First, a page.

3. Generational transitions: Many NTEA member companies are family-owned, which presents unique challenges and opportunities for the industry moving forward. NTEA could have a role in providing a supportive community for family transitions and planning.


Kevin Sumrak
Senior Director, Sales & Truck Body Strategy
NTEA member company since 1980

Throughout his 10-year career at Wabash, and prior, Kevin has had the opportunity to lead teams in product management, sales, and entire value streams and business units. This experience has provided a well-rounded perspective when collaborating with cross-functional groups, which he believes will translate well to the Board and provide valuable leadership.

Kevin has a bachelor of science from Purdue University and certificates from the University of Notre Dame (executive management and supervisory development); Pragmatic Marketing Institute (PMC Level IV certified); and Northwestern University Kellogg School of Management (creating and managing strategic alliances).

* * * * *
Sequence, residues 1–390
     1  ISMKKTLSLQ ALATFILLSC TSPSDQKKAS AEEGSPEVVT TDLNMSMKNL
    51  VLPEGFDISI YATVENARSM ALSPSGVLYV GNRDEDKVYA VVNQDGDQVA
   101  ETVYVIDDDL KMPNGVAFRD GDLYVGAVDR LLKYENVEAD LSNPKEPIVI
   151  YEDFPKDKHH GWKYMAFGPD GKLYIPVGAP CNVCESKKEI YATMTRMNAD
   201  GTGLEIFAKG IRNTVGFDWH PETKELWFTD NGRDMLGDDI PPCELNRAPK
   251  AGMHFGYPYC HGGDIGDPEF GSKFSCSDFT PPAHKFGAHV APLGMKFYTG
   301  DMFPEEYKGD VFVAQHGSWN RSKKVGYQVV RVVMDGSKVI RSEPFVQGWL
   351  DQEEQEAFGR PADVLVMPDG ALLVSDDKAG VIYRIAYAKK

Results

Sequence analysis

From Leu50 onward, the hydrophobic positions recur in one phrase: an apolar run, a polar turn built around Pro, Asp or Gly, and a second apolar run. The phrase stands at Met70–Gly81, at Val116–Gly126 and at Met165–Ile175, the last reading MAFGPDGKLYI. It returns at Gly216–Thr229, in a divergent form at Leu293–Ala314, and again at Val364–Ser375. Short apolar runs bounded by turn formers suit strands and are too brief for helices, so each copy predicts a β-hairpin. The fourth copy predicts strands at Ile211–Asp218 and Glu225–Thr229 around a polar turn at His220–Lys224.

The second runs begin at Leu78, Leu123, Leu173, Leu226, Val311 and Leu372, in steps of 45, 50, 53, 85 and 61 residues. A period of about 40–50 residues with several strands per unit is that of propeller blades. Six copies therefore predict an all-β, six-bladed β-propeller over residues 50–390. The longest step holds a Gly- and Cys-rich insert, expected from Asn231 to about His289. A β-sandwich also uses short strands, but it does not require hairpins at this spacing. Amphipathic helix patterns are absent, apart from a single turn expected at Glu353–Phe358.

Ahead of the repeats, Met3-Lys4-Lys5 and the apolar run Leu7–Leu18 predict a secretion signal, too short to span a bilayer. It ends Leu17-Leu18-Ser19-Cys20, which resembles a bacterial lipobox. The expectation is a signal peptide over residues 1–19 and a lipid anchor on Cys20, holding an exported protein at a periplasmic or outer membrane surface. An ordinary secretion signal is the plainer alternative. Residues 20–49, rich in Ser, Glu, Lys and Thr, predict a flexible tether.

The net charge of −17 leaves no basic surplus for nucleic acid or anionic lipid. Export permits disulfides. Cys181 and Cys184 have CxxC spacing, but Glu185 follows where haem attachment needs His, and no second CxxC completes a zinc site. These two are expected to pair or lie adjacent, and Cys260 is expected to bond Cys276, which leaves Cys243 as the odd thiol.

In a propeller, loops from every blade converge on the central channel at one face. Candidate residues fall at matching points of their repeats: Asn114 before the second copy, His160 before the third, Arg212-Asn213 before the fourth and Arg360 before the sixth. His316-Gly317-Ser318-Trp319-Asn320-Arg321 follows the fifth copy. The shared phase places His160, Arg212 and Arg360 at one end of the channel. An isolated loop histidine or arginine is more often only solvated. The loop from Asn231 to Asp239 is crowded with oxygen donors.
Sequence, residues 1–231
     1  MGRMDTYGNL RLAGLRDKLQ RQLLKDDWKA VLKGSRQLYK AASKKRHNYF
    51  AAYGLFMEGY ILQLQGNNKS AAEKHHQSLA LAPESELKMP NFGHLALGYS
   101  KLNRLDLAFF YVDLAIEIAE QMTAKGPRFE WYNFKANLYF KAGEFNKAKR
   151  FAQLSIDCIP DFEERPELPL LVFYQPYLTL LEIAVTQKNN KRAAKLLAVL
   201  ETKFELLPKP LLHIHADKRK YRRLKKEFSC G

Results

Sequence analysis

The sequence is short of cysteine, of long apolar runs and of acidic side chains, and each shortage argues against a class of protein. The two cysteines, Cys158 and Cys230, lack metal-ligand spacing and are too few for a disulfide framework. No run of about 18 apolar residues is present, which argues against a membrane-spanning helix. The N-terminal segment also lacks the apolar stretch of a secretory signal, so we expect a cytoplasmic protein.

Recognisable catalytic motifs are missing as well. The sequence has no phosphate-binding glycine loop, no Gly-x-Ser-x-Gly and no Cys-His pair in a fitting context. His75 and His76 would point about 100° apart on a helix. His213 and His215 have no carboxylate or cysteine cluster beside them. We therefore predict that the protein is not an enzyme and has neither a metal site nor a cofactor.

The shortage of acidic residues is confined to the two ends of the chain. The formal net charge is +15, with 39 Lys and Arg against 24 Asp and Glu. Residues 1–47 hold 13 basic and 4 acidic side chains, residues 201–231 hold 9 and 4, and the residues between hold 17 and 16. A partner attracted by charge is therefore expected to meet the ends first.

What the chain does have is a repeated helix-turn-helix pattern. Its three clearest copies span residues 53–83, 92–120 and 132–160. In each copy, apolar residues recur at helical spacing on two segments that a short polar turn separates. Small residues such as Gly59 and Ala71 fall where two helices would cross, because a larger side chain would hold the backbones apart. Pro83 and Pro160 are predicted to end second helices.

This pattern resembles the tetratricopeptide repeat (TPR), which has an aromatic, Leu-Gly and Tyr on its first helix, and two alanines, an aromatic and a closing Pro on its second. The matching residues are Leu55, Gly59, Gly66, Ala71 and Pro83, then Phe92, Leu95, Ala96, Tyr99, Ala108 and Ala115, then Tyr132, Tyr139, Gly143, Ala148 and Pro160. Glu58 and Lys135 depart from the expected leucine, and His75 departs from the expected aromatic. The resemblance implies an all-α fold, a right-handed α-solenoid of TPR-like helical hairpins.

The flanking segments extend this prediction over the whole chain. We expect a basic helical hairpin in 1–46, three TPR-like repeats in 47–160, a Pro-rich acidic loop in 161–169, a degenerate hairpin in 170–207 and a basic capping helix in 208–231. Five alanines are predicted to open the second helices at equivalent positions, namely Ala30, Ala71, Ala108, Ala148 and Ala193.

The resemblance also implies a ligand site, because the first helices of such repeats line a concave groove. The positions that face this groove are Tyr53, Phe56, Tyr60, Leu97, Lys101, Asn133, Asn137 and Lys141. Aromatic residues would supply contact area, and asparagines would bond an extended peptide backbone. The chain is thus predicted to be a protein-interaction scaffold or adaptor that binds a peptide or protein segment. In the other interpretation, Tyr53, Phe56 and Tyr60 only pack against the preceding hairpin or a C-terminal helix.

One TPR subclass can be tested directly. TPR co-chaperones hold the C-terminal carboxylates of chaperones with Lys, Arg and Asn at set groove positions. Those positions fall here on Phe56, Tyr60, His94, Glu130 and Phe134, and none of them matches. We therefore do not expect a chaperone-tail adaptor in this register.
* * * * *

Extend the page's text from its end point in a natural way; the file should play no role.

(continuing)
He is involved with the Concord Rotary Club, Bent Oak Homeowner’s Association (past president), assistant boys tennis coach for Concord Community Schools, Ford Commercial Upfitters Board and NTEA’s Van Body Manufacturers Division.

Kevin said he decided the time is right to run for the Board and give back to an organization from which he has benefited greatly. He feels this is a critical time of transformational change within the industry, and organizations like NTEA should continue to have strong leadership, which he wants to help provide.

He believes NTEA plays a pivotal role in guiding the work truck industry into the future by fostering collaboration, setting industry standards and providing a platform for knowledge exchange. Through strategic initiatives and collective efforts, Kevin sees the Association steering the industry toward innovation, sustainable practices and adaptability to emerging trends, ensuring long-term growth and relevance.

Industry issues of great significance

  1. Regulatory requirements the industry is facing in the drive to zero emissions.
  2. Labor, including lack of drivers, the industry’s aging workforce, and the ongoing struggle to find and retain skilled workers.
  3. Continuing global supply chain constraints experienced since the onset of the pandemic.


Shane Woodman
Global Sales Director
Onspot of North America Inc.
NTEA member company since 1997